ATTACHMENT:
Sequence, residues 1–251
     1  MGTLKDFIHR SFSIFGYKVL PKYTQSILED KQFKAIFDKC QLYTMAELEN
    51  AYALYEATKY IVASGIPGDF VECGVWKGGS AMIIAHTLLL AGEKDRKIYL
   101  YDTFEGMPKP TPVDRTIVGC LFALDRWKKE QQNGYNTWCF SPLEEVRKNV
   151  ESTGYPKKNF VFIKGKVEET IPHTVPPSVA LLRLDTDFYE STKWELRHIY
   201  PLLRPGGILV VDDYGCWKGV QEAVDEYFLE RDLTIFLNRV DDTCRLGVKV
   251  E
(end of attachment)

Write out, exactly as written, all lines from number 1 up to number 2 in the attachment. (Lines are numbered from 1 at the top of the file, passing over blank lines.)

Sequence, residues 1–251
     1  MGTLKDFIHR SFSIFGYKVL PKYTQSILED KQFKAIFDKC QLYTMAELEN